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What Are Your Rights to Overtime in Florida?

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When it comes to overtime laws, Florida is pretty lax, especially compared to California, Nevada, Puerto Rico, and the District of Columbia – four states and territories with the best overtime laws for employees. In fact, Florida is one of the few states that does not have its own set of state laws governing overtime pay and regulations. Thus, it relies on federal laws, which are not unfair, but they are not entirely employee-friendly either. If you want to know what your rights are under federal overtime law, contact the Tampa labor and employent lawyers at Barbas, Nuñez, Sanders, Butler & Hovsepian. You can also glean a bit of insight from the information below.

Overtime Laws in Florida

Because Florida does not have its own set of wage and overtime rules, it adheres to the Fair Labor Standards Act (FLSA), which requires that all non-exempt employees who work more than 40 hours in any given workweek be paid time and a half, or 1.5 times their standard rate of pay, for every hour worked beyond the traditional 40. Exemptions outlined in the FLSA also apply to Florida employees. Some common exemptions are as follows:

  • Some salaried employees;
  • Professionals;
  • Executives;
  • Administrative professionals; and
  • Computer employees.

Though companies are free to use their discretion regarding holiday pay and additional compensation for time worked on major holidays, state law does not require premium pay for holidays. Nor does the FLSA or any other states’ laws.

Some states’ laws mandate specific pay periods. For instance, a pay period may be every 14 days, or every seven days. Florida law nor the FLSA have set pay periods. Pay periods may be whatever employees choose to make it.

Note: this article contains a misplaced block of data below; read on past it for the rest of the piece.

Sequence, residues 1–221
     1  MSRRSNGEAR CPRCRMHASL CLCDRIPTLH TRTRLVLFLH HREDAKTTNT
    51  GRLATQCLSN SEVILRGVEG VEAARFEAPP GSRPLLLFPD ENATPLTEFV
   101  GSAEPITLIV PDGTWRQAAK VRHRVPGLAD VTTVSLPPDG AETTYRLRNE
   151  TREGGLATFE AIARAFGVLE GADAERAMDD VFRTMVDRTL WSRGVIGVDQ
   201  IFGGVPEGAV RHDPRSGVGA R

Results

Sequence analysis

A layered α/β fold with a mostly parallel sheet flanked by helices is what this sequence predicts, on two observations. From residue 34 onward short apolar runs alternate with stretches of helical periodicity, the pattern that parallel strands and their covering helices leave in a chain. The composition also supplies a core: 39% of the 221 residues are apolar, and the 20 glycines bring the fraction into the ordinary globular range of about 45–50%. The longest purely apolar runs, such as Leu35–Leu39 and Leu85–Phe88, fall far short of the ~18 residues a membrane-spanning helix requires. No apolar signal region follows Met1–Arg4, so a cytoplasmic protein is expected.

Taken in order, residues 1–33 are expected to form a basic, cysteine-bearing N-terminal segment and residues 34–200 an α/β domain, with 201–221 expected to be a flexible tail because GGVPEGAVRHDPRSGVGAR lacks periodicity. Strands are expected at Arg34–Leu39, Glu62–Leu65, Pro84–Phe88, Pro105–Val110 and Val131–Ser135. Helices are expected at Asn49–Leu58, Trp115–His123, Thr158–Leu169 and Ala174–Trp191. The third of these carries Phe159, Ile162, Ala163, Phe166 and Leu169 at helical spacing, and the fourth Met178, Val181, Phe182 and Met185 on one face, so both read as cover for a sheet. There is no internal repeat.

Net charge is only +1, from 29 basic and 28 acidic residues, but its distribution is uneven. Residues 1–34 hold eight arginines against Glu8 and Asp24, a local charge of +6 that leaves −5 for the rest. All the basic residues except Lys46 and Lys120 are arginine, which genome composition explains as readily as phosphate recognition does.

Pay for Breaks

Pay for breaks is another major concern when it comes to overtime. Florida employers are not required to give employees breaks, but if they do, they must abide by federal requirements. Requirements state that if an employer offers or mandates that employees take breaks of 20 minutes or less, the employer is required to pay workers for that time. However, employers are not required to pay workers for relieving them of their duties and having them take meal breaks that are 30 minutes or more.

Remedies for Overtime Violations

As with regulations, Florida lawmakers refer to the FLSA for remedies of overtime violations. Per federal law, employees can recoup all unpaid overtime for up to three years prior to the date on which they file their lawsuits. In most cases, labor courts award workers “liquidated damages,” which are equivalent to the amount of unpaid overtime. With the right lawyer, plaintiffs may also be able to recover all expenses associated with the claim, including attorney fees and courts costs.

One might assume that one would be fired after filing an overtime dispute against one’s employer. Though it is likely that a claim would cause tension between employer and employee, an employer may not retaliate against a worker for choosing to exercise his or her rights to overtime pay. Protected rights include the following:

  • The right to file a formal complaint regarding an employer’s alleged noncompliance;
  • The right to notify any individual about the employer’s alleged noncompliance; and
  • The right to inform any worker of his or her potential rights and to assist him or her in asserting said rights.

That said, employers do have the right to be notified of wage and hour disputes and to remedy the situation within 15 days. If an employer does remedy the issue by paying unpaid wages within the 15-day period, the employee may not pursue a legal claim. However, if the opposite occurs, the employee may pursue an overtime violation claim and recover back wages and liquidated damages. The employer may also be subject to a $1,000 fine for every willful violation of a similar nature.

Contact a Tampa Labor And Employment Attorney

If you have worked overtime for your employer but have not been paid for your efforts, you may be entitled to backpay and additional damages. However, before you make waves with your employer, reach out to the Tampa wage and hour lawyers at Barbas, Nuñez, Sanders, Butler & Hovsepian to discuss your situation and all possible options. There may be a better way to recover what your employer owes you without resorting to filing a lawsuit. Contact our office today to schedule an initial consultation.

https://www.barbaslaw.com/workers-compensation-can-i-sue-my-employer-instead/

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